Dr. Fernando has vivid memories of Veddahs going about on mo-peds and also about five years ago, the moment they heard that tourists were arriving, changing from their usual clothes to Veddah “garb”.
Following the trail down the years, The Sunday Times understands that after many representations that their traditional lifestyle had been affected, some Veddahs had been issued special photo identity cards by the DWLC to enter the park whereas other people, the public, need a permit to do so and have to be accompanied by a tracker.
Each identity card issued to enter the Maduru Oya Park for “sāmpradayika kāryayanhi niratha weemata” (to carry out traditional activity) had specific conditions printed on it along with a photograph of the holder. One such ID in the possession of The Sunday Times clearly states:
And what happened at the park on August 19 seems to violate some of the conditions, including the most important one which is the taking of firearms into the park. There were also allegations that the two Veddahs, who claimed they had DWLC IDs did not have them at the time of the arrest. “The IDs were given in recognition of their traditional rights but not to indulge in illegal activity,” said a wildlife source who declined to be identified.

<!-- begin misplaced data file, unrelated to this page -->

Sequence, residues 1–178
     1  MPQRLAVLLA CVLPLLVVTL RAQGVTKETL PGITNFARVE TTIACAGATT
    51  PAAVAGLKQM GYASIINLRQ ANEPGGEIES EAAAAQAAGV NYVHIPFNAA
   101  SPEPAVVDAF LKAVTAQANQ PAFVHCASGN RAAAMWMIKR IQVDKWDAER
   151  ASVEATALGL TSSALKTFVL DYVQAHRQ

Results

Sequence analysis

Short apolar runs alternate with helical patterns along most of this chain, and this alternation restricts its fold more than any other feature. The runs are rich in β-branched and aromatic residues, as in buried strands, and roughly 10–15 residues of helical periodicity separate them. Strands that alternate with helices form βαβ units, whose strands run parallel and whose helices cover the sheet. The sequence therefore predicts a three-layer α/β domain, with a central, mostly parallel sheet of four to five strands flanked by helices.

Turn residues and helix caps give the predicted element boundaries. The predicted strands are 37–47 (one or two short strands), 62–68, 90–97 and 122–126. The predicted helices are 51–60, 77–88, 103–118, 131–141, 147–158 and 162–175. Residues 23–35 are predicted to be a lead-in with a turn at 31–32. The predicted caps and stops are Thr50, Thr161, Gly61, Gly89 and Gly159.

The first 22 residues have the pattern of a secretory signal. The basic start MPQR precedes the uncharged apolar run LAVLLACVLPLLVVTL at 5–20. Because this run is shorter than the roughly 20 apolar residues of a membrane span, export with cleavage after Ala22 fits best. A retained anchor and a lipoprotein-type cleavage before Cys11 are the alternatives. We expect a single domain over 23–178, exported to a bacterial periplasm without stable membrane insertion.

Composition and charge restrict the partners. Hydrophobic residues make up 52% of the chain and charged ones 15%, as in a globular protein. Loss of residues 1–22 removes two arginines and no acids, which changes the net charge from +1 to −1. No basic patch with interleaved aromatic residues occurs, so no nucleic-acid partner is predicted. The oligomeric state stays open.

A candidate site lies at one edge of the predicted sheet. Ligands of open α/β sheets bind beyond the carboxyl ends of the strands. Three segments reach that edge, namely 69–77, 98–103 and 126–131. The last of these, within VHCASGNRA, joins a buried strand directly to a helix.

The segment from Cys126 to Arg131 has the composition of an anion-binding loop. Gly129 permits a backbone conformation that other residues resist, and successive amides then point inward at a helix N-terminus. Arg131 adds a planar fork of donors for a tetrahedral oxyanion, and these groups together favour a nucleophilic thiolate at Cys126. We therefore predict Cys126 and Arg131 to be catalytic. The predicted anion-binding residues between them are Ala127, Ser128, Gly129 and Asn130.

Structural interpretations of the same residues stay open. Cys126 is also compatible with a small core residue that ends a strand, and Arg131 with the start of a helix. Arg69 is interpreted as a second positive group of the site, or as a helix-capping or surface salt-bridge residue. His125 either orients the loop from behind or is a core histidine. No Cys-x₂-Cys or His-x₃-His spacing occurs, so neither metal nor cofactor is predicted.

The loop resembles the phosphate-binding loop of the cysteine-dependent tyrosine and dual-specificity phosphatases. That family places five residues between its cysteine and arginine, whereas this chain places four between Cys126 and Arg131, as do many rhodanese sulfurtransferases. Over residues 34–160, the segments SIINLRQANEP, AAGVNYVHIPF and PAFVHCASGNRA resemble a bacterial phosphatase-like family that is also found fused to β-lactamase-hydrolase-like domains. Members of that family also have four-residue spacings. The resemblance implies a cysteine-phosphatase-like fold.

Adds Dr. Fernando: “If they live off forest products and go into the park to collect them, there is no problem, but if they carry unlicensed firearms into a National Park, they are violating the Firearms Ordinance as well as the Fauna and Flora Protection Act.”
So what do the Veddahs have to say? When The Sunday Times contacted Uruwarige Wanniela Aththo on the mobile phone of his son, Heenbanda, amidst many interruptions of the line getting cut, he went into a lengthy explanation about traditional lifestyles. When asked why they carried firearms into the park, he said that they requested “protection” from the wildlife beat office but as they did not get that, they were compelled to take the guns in.